Are sperm whales still hunted? No, not commercially. Nevertheless, a traditional hunt is still practised by residents of the Indonesian island of Lembata and so-called scientific whaling is conducted in Japan which calls for the harvest of ten sperm whales a year in the North Pacific. But sperm whales have been hunted worldwide for centuries.
Engravings and skeletal remains reveal that the Norwegians, Inuit and aboriginal Americans were hunting great cetaceans over 1000 years before the Common Era. Narratives relate that Scandinavian peoples were hunting sperm whales in the cold waters off of Iceland in the 13th century.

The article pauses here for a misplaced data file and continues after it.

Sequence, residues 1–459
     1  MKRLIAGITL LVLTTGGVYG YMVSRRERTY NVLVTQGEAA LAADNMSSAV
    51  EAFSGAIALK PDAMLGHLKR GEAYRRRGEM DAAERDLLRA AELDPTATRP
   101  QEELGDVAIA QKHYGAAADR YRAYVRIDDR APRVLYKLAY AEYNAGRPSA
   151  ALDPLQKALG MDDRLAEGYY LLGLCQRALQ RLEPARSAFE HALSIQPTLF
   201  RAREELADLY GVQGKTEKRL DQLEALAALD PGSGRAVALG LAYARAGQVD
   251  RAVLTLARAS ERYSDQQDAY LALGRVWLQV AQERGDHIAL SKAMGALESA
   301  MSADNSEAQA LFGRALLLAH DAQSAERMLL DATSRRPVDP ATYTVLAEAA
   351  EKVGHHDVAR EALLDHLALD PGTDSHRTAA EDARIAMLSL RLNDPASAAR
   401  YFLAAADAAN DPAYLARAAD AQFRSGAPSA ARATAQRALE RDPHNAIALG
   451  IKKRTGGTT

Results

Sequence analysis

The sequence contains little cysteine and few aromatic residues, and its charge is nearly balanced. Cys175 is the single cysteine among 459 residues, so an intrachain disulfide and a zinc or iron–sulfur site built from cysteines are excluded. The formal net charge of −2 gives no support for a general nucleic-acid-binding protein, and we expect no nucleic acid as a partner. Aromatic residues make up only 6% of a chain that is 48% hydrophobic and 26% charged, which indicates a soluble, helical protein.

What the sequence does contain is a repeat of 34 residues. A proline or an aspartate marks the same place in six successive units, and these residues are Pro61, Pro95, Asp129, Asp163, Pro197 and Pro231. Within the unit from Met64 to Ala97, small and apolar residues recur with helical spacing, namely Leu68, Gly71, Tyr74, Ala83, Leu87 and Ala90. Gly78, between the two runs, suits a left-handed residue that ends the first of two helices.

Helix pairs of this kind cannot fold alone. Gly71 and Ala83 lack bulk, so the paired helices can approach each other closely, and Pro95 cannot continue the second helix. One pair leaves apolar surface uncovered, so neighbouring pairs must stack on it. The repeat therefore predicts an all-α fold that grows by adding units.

Indonesian populations have been hunting sperm whales since the 1640s. Hunters there still use traditional methods: they leap into the air and use their strength and weight to harpoon the animal; discover their technique. Between 30 and 50 sperm whales are harvested annually in Indonesia.
Whaling picked up in intensity again after the Second World War. The products of this industry were used for food, machinery, cosmetics and agriculture. Large rorquals in particular were targeted, though as their populations began to fall, sperm whales were increasingly sought. Fast, powerful ships were used. Over 600,000 sperm whales were killed in the industrial whaling of the 20th century, which left whale stocks decimated.
To learn more:
about sperm whale